On the subjects of Impotence aud Spermatorrhea, thoxe bugbears of so many weak and foolish persous, and sources of inexhaustible wealth to the quack fraternity, M:. Acton discourses with good sense, and indignantly exposes the nefarious tricks of the scoundrels who, on the preteuse of curing a disease which often exists only in imagination, extract enormous sums from their wary victims. He seems to regard the spermatorrhea-phobia, as we may term it, to be a species of monomania, in which light we ourselves are inclined in regard it; but he judiciously advises that to a patient laboring under this form of mental malady, the tone adopted should be one of sympathy and attention, not of ridienle or disbelief; and that by the employment of appropriate inoral and therapeutical means, the morbid terrors of the imagiuation may be dispelled, and a healthy and hopeful toue of mind be restored.-The Medical Times.
FUNCTIONS AND DISORDERS
Childhood, Vouth, Adult Ige, and Advanced Life
CONSIDERED IN THEIR PHYSIOLOGICAL, SOCIAL, AND
BY WILLIAM ACTON, M.R.C.S.,
LATE BURGBOX TO THE ISLINGTON DISPENSARY, AND FORMERLY EXTERNE TO TIE VENEREAL HOSPITALS
PARIS, FELLOW OF THE ROYAL MED, AXD CHIR. AND STATISTICAL SOCIETIES, ETC., ETC.
from the last London Edition.
In the preface to the second edition of this book I expressed a hope that I might at some future time be able, not only to incorporate much new matter in the text, and make many needful improvements and alterations, but entirely to remodel the work. The flattering reception by the profession of two large impressions, warns me that the time has arrived for carrying out my intention. The mass of new material which has accumulated during the four years that have elapsed since I published the first edition, and, perhaps, the more matured views on some points which longer experience and thought have furnished, render me still' more desirous of moulding my book into something of the shape in which I should wish permanently to leave it. I have accordingly spared neither labor nor time in my endeavor to render this edition more worthy of the favor which has been so liberally extended to its predecessors.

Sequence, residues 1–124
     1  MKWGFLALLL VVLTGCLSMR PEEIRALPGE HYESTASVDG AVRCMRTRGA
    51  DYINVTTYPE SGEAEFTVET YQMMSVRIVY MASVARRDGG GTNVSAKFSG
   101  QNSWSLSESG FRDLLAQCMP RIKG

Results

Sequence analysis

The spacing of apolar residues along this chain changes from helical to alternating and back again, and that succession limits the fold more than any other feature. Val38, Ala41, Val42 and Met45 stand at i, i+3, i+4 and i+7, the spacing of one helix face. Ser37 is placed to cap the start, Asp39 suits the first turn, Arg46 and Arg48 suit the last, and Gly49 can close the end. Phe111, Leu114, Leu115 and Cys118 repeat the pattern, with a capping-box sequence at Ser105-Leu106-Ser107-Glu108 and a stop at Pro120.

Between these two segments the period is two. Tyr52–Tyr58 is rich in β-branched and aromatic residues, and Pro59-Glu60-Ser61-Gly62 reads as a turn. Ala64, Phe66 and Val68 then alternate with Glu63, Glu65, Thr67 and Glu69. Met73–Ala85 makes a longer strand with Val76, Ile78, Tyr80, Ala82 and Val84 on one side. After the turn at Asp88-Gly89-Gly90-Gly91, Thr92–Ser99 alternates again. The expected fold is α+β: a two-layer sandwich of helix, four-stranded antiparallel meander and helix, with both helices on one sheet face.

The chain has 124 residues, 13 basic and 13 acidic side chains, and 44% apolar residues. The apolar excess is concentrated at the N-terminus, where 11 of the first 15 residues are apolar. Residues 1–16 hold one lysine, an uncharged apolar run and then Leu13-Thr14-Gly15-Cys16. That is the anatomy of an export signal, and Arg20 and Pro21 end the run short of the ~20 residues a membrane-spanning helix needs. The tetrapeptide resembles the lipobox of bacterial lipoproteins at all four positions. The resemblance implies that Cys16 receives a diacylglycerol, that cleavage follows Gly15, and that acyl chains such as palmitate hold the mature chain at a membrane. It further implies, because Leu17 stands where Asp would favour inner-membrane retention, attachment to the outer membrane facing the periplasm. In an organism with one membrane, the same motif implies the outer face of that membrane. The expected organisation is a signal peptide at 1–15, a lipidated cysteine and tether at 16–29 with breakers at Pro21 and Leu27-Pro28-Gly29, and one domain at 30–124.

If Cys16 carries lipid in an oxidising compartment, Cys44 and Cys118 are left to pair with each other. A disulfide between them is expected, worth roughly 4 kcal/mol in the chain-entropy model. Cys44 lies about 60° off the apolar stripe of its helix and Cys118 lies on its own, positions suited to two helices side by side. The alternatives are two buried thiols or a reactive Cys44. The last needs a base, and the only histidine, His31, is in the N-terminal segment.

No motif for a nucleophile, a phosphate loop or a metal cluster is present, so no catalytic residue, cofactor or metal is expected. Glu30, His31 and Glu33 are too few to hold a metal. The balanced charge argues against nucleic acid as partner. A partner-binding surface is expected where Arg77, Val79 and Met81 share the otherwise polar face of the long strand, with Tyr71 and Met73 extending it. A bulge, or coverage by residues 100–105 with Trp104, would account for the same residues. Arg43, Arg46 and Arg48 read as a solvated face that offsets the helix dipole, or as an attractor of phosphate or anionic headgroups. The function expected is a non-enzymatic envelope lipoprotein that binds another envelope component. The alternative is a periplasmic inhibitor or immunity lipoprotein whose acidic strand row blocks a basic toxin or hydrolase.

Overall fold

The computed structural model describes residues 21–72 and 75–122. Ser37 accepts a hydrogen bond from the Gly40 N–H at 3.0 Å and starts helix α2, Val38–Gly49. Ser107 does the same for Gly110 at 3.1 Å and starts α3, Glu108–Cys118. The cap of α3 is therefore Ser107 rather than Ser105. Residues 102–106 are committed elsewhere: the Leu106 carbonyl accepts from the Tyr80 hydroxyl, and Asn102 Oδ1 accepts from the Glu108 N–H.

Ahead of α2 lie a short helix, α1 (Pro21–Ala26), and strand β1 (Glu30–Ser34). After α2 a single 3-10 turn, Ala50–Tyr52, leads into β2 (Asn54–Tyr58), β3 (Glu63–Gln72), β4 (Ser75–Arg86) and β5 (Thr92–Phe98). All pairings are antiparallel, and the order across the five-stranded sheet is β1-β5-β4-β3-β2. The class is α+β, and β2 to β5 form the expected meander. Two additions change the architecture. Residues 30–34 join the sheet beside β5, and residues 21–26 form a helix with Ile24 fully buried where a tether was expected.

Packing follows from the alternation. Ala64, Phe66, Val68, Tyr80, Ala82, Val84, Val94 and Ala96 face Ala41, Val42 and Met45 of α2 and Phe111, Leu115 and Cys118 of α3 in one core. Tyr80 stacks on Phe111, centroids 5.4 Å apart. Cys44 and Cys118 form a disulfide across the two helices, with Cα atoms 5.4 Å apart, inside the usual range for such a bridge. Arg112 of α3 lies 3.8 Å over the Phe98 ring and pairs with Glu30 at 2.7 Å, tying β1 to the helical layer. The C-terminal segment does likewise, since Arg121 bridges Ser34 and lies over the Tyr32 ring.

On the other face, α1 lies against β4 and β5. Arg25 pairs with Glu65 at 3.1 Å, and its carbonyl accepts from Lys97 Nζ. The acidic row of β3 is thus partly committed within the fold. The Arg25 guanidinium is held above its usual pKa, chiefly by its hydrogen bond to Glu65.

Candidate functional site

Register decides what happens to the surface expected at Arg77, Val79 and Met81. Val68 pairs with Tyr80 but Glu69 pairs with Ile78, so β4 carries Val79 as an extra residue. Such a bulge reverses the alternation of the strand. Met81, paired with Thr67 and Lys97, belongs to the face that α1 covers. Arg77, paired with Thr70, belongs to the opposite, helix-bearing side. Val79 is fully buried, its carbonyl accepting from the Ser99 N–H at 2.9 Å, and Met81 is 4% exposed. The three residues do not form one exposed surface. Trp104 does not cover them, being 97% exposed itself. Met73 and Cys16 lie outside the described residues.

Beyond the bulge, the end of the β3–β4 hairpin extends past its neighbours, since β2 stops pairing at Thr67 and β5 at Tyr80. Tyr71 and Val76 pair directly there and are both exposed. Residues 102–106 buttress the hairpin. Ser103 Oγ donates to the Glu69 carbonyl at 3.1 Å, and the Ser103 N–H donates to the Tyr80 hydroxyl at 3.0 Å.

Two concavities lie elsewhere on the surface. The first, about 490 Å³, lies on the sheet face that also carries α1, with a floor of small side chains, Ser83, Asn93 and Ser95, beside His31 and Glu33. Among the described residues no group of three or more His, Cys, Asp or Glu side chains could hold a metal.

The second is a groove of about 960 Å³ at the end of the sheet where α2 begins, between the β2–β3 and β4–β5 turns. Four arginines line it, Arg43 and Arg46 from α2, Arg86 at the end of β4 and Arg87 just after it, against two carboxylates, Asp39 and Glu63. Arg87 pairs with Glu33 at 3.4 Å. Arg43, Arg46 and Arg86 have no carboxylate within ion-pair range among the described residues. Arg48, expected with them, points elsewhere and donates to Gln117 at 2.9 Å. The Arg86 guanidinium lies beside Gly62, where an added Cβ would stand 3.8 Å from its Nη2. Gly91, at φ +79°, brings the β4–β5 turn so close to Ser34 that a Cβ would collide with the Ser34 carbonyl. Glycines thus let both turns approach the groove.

I may, perhaps, be permitted to add that the largest part of the time and pains the book has cost me, has been bestowed on the minute weighing of every sentence, in the hope that in my treatment of a subject so novel and difficult, and in many respects painful, nothing may remain to which fastidiousness itself can fairly object.
I gladly take this opportunity of acknowledging the frank and loyal spirit in which my professional brethren, and, with one exception, the periodical press, recognized the difficulty of the question, and appreciated my attempt to treat it as it requires. They heartily expressed their participa
tion in my hope that the book might have some good and practical effect on public health and public morals. has been on its trial now for some years, and I commit this third edition to my profession with that hope increased to confidence, and with hearty thanks to the many friends, both scientific and professional, who have furnished me with information and advice.
17 QUEEN ANN STREET, CAVENDISH SQUARE.